The Cowherd and the Weaving Maid

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Weaving Maid

Most fairy tales end when the hero and heroine marry and live happily ever after. This ancient Chinese myth does not stop on the wedding day. It tells the tale of a cowherd who looks after an old Ox. The Ox is semi-devine. He is a star who is spending some time of Earth. He decides to help the boy to marry one of the weaving maidens who blow the clouds through the sky - but the Queen of Heaven is not pleased by this plan.

The tale is recalled every year in August on the Chinese festival known as The Double Seventh. It is a holiday a little like Valentine's day that celebrates romantic love.

Read by Natasha. Adapted for Storynory by Bertie.
Proofread by Claire Deakin.

The cowherd and the weaving maid

Hello, this is Natasha, and this is an ancient fairy tale from China. In China it is the story behind a holiday called the Double Seventh. It is a festival that is a little like Valentine's day, because it celebrates romantic love. As you will hear the story is very romantic.

A long time ago, there lived a poor cowherd. His parents had died and he lived with his brother and his sister-in-law. His only relatives were cruel to him and one day they drove him out of the house. A farmer took pity on the homeless boy, and offered him a daily meal and a bed of straw in the cowshed. In return, the boy would look after the farmer's old ox. From then on, the boy spent his days and nights with the animal. In fact, the beast was his only companion. Despite his great age, the ox was a handsome creature. His golden hair shone in the moonlight. The boy knew in his heart that his friend had something heavenly about him.

One day, when they were out on the hills, the Ox turned his great head to the boy and spoke to him clearly in an almost human voice.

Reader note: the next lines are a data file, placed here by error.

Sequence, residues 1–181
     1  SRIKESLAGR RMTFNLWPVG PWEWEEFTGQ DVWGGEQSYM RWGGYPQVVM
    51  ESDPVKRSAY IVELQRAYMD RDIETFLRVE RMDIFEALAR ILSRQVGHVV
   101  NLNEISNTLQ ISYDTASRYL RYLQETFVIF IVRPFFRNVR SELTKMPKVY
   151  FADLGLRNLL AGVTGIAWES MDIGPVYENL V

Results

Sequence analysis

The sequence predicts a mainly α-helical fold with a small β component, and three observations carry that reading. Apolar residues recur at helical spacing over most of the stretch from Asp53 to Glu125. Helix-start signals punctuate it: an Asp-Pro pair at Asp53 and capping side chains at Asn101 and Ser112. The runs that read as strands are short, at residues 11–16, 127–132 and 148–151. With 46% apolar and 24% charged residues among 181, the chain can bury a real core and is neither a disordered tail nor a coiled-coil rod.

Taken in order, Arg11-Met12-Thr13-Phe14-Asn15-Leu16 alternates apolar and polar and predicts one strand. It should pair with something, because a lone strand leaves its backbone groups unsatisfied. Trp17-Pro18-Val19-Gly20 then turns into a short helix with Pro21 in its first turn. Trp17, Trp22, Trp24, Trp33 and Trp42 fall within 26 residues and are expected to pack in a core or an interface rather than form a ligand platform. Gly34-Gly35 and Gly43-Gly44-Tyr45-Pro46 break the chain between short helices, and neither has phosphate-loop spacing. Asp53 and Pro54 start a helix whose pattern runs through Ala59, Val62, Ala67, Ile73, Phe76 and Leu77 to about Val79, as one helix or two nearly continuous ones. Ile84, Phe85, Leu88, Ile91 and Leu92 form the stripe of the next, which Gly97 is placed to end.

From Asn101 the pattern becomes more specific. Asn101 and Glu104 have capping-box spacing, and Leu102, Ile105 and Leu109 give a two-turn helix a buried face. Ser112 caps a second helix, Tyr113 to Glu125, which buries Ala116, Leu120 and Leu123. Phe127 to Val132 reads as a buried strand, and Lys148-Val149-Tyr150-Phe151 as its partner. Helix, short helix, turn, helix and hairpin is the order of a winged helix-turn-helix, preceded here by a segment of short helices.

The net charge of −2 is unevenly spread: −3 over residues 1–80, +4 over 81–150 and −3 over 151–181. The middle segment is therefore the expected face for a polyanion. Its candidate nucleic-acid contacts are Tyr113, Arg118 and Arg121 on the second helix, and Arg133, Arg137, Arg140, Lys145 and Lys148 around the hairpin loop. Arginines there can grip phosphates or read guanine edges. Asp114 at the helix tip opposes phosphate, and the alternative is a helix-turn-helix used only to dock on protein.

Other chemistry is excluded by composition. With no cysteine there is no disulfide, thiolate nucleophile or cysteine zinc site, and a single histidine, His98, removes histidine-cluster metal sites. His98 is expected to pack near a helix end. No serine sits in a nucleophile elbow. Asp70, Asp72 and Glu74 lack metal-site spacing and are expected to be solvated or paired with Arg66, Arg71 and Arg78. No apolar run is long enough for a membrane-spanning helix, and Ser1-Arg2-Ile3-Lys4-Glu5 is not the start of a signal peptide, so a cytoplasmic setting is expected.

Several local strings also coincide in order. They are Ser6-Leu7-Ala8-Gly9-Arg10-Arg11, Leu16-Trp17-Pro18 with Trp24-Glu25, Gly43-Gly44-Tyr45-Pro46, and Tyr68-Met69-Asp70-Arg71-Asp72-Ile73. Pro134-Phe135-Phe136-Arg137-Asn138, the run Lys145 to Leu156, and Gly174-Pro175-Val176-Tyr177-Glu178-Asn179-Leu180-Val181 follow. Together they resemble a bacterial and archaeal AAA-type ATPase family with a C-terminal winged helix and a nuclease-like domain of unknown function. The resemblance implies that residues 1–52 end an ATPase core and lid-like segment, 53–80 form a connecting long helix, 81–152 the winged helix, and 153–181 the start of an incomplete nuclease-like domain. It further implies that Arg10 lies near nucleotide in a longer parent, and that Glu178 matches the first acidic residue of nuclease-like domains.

"Boy," he lowed, "You are my friend and have looked after me faithfully. Now I am old, and soon I will die. My time on earth is done. I will return to my place in the heavens where I am the the chief star in the constellation of the Ox. Before I go, I wish to see you married."

The poor lad did not know how to reply. He knew not a single girl, let alone one that would marry him. The Ox saw how perplexed he looked, and said, "Listen carefully to me, for this is what you must do. Today is is the seventh of the month. This very night, the seven weaving maidens of the skies will float down to the river to take a bath. You will see their clothes by the bank. The seventh daughter wears robes of red. Sneak down quietly to the bank and steal her clothes. In this way, you will get to know her, for she will call out and demand the return of the robes."

The boy sighed, for the river was far away on the other side of the mountain. He would not be able to reach its banks before nightfall. The celestial Ox again saw that the boy was at a loss - but he had an answer for this problem too: He told the cowherd to climb on his back. Then off they flew through the skies to the river.

When they arrived, the boy stepped down from his friend's back, and swiftly hid behind a jade tree. Towards midnight, he heard splashing and giggling. He peeped around the tree and saw the maidens swimming and playing in the water. While they were having fun, he crawled stealthily forward and pinched the red robe of the seventh daughter of the skies.

When the weaving maidens had finished washing and frolicking they came out onto the bank. But where were the red robes of the seventh daughter of the skies? They knew right away that somebody must have stolen them. The girl without clothes hid behind a bush to cover her modesty. Her sisters called, "Come out whoever you are. It is not wise to play pranks on the immortals. Our father is the Jade Emperor and the ruler of all Heaven. He knows how to punish naughty human folk."

The boy saw the funny side of the situation and felt bold. He stepped forward holding the red robes before his eyes. He called out, "Lovely maiden, Seventh Daughter of the Skies, promise to be my wife and I will return these clothes to you."

It was such a cheeky proposal that the weaving maidens could not help but laugh. The seventh daughter who was hiding behind the bush was furious - but in a way, she was impressed too by this brazen boy. She had to admit, he was not bad looking, for a human. There was something about him.

Her eldest sister said, "Listen to the lad. You are not able to fly away without your robes. If you do not agree to his demand, we must leave you here."